The Effect of Child Support on Subsequent Marriage and Cohabitation
Maria Cancian, University of Wisconsin at Madison
Daniel Meyer, University of Wisconsin at Madison
We use data from an experiment that resulted in randomly assigned difference in child support receipt to investigate the effects of child support on cohabitation and marriage. Our results suggest that increases in child support received (associated with a policy of full pass-through and disregard of child support) are associated with significantly lower rates of cohabitation between mothers and men who are not the fathers of their child(ren). Thus a higher proportion of women remain single, given that rates of marriage and of cohabitation with fathers are similar. Overall, these results are consistent with the hypothesis that increased child support increases women’s economic independence, reducing the incentive for women to cohabit with men who are not related to their children.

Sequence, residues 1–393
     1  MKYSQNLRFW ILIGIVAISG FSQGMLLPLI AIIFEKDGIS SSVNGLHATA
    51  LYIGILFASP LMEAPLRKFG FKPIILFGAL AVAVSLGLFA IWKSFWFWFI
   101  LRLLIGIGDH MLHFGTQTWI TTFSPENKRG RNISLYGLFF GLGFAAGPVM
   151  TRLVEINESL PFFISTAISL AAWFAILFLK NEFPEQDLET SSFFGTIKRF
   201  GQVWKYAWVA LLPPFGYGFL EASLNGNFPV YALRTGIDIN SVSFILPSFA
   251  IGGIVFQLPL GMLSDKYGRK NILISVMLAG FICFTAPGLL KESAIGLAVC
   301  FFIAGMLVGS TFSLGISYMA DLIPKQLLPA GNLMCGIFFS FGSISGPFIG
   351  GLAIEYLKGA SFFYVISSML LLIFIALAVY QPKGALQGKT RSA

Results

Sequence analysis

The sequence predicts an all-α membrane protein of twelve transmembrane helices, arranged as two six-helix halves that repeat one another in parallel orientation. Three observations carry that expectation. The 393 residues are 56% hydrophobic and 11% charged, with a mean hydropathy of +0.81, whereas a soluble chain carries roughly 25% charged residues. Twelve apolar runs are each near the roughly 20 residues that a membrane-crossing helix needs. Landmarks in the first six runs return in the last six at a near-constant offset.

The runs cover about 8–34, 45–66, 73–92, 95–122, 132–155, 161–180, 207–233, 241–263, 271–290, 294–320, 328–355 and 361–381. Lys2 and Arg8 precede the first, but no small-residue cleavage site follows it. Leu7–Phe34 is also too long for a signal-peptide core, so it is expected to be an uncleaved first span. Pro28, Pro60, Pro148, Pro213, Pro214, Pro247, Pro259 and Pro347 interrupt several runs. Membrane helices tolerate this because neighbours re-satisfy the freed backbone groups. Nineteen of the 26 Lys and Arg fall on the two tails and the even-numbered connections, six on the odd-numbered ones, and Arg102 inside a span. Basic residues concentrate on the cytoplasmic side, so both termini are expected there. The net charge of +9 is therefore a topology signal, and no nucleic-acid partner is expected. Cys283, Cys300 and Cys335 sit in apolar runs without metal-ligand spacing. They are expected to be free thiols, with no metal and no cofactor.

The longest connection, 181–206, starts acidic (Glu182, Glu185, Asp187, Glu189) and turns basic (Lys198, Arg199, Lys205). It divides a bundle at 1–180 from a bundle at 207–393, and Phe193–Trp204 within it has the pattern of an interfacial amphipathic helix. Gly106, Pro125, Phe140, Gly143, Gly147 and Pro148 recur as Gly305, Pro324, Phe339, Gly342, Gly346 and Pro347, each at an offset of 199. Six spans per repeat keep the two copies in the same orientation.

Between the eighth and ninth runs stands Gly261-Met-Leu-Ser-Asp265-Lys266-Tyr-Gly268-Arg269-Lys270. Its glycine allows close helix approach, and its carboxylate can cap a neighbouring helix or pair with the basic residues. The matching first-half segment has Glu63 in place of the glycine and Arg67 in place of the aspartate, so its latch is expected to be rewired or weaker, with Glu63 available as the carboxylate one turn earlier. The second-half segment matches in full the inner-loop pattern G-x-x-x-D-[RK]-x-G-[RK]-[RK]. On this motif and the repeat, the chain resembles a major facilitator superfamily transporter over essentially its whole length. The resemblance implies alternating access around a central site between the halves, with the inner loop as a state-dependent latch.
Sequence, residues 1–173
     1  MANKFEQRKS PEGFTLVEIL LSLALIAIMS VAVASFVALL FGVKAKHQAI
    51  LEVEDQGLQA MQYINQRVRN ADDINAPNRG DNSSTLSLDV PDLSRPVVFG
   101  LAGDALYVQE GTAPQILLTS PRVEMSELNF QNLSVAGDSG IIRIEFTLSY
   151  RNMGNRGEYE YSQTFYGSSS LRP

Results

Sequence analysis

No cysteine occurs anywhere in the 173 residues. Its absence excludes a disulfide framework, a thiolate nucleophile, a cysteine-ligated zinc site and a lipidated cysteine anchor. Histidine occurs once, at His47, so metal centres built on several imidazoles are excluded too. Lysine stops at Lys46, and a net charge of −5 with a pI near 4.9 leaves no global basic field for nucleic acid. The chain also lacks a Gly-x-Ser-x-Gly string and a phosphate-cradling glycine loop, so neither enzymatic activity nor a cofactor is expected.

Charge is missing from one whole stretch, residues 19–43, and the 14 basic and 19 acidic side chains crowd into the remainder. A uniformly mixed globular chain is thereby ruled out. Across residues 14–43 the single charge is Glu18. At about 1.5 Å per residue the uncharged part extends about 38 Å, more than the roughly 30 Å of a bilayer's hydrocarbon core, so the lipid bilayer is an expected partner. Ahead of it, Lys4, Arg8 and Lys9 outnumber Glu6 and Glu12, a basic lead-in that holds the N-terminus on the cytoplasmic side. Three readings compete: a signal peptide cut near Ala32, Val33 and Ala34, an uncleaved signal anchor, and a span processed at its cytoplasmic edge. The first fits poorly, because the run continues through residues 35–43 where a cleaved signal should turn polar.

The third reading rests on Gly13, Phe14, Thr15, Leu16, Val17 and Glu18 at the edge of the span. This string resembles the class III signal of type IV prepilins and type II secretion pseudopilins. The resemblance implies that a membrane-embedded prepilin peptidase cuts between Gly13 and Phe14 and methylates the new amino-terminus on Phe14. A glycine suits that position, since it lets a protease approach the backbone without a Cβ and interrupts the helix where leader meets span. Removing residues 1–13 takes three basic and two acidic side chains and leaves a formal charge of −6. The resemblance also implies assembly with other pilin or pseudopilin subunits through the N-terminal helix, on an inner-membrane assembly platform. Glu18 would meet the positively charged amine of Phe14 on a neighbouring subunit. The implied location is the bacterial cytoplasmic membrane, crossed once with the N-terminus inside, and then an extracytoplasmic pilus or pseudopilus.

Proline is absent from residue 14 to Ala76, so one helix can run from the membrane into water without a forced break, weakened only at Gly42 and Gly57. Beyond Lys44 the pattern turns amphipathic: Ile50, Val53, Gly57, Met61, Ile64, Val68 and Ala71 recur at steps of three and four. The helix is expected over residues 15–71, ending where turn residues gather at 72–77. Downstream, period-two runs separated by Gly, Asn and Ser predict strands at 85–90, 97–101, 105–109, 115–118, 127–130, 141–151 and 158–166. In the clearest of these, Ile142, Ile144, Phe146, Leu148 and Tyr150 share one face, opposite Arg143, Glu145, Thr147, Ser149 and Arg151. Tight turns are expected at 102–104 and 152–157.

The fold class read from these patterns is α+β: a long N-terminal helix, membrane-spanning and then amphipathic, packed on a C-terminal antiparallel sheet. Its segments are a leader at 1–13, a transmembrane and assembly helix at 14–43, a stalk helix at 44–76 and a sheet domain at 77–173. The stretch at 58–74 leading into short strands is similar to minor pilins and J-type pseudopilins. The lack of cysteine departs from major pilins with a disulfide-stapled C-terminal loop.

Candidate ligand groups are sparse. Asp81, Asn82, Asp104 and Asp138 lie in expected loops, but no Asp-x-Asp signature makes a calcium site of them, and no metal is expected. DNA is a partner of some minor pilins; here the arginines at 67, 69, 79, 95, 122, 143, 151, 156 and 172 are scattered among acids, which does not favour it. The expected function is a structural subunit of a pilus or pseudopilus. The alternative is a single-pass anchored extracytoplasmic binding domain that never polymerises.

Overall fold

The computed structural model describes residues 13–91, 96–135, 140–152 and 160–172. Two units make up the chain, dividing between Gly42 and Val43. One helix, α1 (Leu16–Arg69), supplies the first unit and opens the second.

Presented in Session 90: Marriage and Public Policy